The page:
Concerns over US-China trade conflict loom large at Asia’s largest hi-tech conference
Participants at the RISE conference in Hong Kong see the trade dispute threatening growth in the global technology industry
The US-China trade dispute loomed large at the opening of the RISE technology conference in Hong Kong on Tuesday, as major hi-tech companies, start-ups and various industry experts discussed the latest developments in blockchain, artificial intelligence, the internet, e-commerce and other related fields.
While Hong Kong is more than 13,000 kilometres away from Washington, recent policy decisions made by the administration of US President Donald Trump have apparently hit close to home for a number of conference participants.
“We should all realise that we benefit so much from the openness of the vast technology community,” said Wayne Xu, the president of ZhongAn Technologies International Group, a unit of Hong Kong-listed ZhongAn Online Property & Casualty Insurance. “If barriers are put up today, it will destroy what we have achieved.”
Trade tensions between the world’s two largest economies have also raised concerns about Chinese companies being squeezed out of crucial technologies, such as semiconductors. That recently came to the fore when ZTE Corp, China’s largest listed telecommunications equipment maker, was forced to shut down most of its operations amid a US government ban on the export of American-made chips and other components to the company, which failed to punish staff involved in selling products to North Korea and Iran.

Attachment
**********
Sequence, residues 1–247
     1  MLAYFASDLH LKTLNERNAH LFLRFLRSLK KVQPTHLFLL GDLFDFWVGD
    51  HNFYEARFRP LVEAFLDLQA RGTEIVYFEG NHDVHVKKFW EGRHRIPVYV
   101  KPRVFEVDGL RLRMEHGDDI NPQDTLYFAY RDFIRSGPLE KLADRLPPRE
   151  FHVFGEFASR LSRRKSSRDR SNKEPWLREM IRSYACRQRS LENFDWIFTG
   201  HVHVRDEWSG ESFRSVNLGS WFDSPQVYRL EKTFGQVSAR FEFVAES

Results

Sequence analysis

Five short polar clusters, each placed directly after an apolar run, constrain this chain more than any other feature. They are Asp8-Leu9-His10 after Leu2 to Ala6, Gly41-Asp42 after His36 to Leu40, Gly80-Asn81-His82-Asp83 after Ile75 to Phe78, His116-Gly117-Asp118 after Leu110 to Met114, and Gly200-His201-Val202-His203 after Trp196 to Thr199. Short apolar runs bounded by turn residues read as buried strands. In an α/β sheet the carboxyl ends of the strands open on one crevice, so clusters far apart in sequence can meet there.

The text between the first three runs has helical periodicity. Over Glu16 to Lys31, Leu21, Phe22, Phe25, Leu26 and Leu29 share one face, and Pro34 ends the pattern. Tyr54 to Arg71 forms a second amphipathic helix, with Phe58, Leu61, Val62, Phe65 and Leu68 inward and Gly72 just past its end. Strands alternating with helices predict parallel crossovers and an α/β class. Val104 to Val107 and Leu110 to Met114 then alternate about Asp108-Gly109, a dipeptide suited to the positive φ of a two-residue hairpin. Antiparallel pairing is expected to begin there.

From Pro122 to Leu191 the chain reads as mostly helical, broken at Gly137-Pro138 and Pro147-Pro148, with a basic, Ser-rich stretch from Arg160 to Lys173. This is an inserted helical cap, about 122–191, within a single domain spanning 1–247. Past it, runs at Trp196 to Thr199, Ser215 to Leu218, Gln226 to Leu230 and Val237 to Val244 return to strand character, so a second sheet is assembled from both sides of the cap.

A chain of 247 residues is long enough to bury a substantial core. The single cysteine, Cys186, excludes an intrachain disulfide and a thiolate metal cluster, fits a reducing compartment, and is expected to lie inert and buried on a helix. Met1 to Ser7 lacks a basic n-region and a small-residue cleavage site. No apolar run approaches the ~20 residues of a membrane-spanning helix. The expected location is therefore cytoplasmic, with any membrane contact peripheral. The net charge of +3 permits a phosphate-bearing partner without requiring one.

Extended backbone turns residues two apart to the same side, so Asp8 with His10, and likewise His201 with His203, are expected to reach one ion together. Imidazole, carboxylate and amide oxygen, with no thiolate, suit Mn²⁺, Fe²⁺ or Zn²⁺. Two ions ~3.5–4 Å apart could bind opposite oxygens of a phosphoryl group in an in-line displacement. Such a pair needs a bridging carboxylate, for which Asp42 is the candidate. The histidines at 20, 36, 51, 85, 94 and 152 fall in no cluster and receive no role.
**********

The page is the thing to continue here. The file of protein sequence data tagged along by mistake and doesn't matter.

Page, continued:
While the ban has been temporarily lifted under the terms of ZTE’s settlement with the US government, China’s government and the nation’s prominent tech industry leaders have reiterated calls for investing in crucial technologies to help cut the country’s reliance on imported chips, software and other resources.
Bessie Lee, founder of Shanghai-based Withinlink, a venture fund and start-up incubator focused on marketing and communications technologies, said the Chinese government was keen to break free from that dependence.
“At the moment, China lags behind the US in chips [technology],” Lee said. “But give it a couple of years … There’s actually quite a lot of investment and effort from the central government.”
The anxiety expressed by a number of participants at the RISE conference follow the first salvoes made in the US-China trade dispute last Friday.
The Trump administration introduced 25 per cent tariffs on US$34 billion worth of Chinese goods, which targeted 818 products central to Beijing’s “Made in China 2025” initiative – an industrial policy launched by Premier Li Keqiang in 2015 to guide the country’s industrial modernisation, including the substitution of foreign technology with innovation developed on the mainland.
China retaliated by imposing similar 25 per cent tariffs on US$34 billion worth of goods from the US.
Trump has threatened to target another US$400 billion in Chinese products with tariffs if Beijing continues to hit back.